MCI Asbun Meet the Chief HERO2


Meet the Chief: Music, Sports and Yoga Keep Surgeon Horacio Asbun, M.D., Focused

Baptist Health Miami Cancer Institute

During his more than 25 years in the field, and as chief of Hepatobiliary and Pancreas Surgery at Baptist Health Miami Cancer Institute since 2018, Horacio Asbun, M.D., has been at the very forefront of global pancreatic cancer research and treatment. The La Paz, Bolivia native is a world-renowned pioneer in the field of hepatobiliary surgery and his minimally invasive techniques for pancreas surgery are employed today by surgeons around the globe.


(Watch now: Surgeon Horacio Asbun, M.D., chief of Hepatobiliary and Pancreas Surgery at Baptist Health Miami Cancer Institute, shares how he maintains a healthy work-life balance and stays at the top of his game in the operating room. Video by Carol Higgins.)


Like many surgeons, Dr. Asbun spends a lot of time in the operating room, often under intense pressure. Many of his patients have pancreatic cancer or liver cancer, which can entail extremely challenging and complex surgeries. And he never loses sight of the fact that his patients are literally putting their life in his hands. Pressure? What pressure?


Given such potential for stress, how does Dr. Asbun maintain a healthy work-life balance and stay at the top of his game in the operating room? He says he does it by trying to be a "positive influence” with the people around him, living life to the fullest, and making time for three of the passions in his life – music, sports and yoga.


Music aids relaxation and focus in the operating room

“I’m very grateful for music,” says Dr. Asbun. “I feel music tells you things that cannot be expressed with words and, if you let it, music is there with you in the fun times, the sad times and the tough times. If you like to dance, music is dance. If you like to be intellectual, music is intellectual. If you like to meditate, music is meditation.”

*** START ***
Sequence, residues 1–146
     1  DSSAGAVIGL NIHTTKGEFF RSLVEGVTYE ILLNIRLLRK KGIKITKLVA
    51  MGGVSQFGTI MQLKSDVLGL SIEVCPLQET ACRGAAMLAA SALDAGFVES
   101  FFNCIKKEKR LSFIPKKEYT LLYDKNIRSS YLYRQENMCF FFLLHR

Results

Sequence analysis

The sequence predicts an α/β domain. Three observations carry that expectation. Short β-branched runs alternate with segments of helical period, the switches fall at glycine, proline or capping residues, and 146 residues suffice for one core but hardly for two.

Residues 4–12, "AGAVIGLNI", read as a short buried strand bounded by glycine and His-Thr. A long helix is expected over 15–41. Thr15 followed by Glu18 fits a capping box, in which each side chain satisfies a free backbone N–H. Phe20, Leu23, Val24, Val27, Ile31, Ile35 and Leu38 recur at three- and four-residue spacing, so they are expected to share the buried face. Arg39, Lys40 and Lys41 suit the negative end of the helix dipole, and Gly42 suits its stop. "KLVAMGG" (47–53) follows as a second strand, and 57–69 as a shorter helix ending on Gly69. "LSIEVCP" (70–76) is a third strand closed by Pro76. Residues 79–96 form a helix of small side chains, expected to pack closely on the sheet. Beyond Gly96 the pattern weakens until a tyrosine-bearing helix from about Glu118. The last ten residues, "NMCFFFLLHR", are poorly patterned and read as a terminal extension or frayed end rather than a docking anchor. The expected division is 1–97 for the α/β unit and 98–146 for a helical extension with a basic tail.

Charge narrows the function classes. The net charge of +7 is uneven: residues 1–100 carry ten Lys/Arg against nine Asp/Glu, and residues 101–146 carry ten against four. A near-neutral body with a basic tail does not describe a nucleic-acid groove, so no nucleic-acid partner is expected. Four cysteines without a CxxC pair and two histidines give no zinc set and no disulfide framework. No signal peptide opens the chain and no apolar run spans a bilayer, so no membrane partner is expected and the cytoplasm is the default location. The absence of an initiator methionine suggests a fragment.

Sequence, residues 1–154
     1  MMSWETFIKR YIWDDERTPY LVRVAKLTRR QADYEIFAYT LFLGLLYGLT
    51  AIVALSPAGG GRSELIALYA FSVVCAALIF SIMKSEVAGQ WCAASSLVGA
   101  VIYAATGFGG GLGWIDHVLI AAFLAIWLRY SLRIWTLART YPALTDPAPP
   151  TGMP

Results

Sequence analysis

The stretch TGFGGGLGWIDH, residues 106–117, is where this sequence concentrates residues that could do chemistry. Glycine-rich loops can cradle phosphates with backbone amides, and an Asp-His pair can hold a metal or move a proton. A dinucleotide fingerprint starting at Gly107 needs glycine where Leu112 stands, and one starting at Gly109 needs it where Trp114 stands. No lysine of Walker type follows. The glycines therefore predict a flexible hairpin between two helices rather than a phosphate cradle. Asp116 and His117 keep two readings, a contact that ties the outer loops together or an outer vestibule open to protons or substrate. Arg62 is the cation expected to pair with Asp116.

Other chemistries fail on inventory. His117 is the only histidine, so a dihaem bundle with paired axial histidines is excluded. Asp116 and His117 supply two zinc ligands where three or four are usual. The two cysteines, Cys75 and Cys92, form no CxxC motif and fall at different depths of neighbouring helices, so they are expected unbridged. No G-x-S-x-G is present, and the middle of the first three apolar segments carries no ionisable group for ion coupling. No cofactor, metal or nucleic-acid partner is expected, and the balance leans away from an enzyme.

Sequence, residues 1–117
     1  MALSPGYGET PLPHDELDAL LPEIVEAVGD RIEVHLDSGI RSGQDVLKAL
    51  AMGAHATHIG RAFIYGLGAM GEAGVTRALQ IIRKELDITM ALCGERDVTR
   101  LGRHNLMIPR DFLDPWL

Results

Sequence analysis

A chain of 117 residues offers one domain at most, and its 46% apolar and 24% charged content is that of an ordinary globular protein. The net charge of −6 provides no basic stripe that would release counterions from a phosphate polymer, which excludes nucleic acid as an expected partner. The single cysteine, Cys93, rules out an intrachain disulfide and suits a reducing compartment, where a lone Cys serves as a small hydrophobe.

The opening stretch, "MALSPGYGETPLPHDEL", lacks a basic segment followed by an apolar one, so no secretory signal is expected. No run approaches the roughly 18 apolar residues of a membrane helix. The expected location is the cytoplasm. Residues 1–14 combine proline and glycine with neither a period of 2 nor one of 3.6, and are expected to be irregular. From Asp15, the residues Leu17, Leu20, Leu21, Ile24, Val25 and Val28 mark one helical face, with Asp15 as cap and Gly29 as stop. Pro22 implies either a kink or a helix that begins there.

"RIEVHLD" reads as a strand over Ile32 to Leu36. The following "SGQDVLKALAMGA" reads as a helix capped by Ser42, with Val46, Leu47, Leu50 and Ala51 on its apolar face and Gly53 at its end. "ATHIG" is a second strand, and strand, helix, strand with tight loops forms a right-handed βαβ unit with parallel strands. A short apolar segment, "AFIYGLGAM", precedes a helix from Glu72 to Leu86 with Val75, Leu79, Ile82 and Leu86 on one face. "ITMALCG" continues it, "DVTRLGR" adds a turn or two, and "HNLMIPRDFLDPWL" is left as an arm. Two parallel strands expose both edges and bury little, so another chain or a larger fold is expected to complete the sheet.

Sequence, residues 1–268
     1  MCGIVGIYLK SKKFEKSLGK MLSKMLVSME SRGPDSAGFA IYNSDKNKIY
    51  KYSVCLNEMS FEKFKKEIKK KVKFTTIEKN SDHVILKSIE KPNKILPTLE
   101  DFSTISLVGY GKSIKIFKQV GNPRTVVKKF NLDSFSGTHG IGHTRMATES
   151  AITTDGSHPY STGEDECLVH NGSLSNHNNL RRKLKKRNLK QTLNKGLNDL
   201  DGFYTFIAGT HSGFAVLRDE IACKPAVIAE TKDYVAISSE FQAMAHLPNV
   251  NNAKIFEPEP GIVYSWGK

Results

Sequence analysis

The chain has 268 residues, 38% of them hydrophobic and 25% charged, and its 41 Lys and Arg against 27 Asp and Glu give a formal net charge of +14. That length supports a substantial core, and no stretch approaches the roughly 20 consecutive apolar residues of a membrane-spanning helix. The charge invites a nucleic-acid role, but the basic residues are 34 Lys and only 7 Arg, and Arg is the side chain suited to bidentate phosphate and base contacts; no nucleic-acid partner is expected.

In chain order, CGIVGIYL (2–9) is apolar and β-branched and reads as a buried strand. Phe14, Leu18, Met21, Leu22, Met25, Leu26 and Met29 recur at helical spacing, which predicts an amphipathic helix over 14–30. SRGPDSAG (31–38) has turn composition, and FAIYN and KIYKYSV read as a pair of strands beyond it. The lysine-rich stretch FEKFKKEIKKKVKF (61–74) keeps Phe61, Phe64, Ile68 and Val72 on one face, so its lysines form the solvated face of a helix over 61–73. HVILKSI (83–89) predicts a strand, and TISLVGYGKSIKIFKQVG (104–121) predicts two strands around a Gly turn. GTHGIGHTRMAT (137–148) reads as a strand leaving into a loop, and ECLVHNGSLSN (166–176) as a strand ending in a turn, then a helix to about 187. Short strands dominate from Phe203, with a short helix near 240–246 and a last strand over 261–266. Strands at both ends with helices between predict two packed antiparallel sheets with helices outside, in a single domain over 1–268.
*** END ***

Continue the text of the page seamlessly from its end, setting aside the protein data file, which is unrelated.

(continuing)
Although he admits he can’t carry a tune or play a note on a musical instrument, Dr. Asbun loves listening to music and says he couldn’t imagine performing surgery without it because it helps him stay relaxed, yet focused.


“As long as it’s not disruptive, music definitely helps us keep a very amicable and relaxed environment within the operating room, which favors the patient,” Dr. Asbun says. “And when I say, ‘Please stop the music,’ and suddenly it’s quiet, everyone knows I need their attention because we have an urgent issue.”


Playing sports builds stamina to help withstand long surgeries

Dr. Asbun credits his passion for sports for giving him the focus and stamina to endure highly complex, hours-long surgeries. “Without any question, I like sports. I feel that they help me be better prepared physically and mentally for the long surgeries that I do.”


His favorite sport is skiing, which isn’t something one can do in Miami, but Dr. Asbun does spend a lot of free time riding around South Florida on his bike. It doesn’t matter what you do, he says, as long as you’re doing something. “I do believe that if you exercise regularly for a month – doing something you enjoy and not forcing yourself excessively – you will find that you have a need to continue exercising and it will become a part of your life.”


Dr. Asbun says he has learned a lot from his youngest son, Derek, who was a professional rugby player on the U.S. National Rugby Team and went on to play internationally at Oxford University, where he was named player of the year.



“Derek taught me about the importance of mental imagery, which he would use when preparing for a game,” says Dr. Asbun. He now applies the same technique when preparing for surgery, visualizing each and every step of the procedure and anticipating how he would respond to an unexpected occurrence.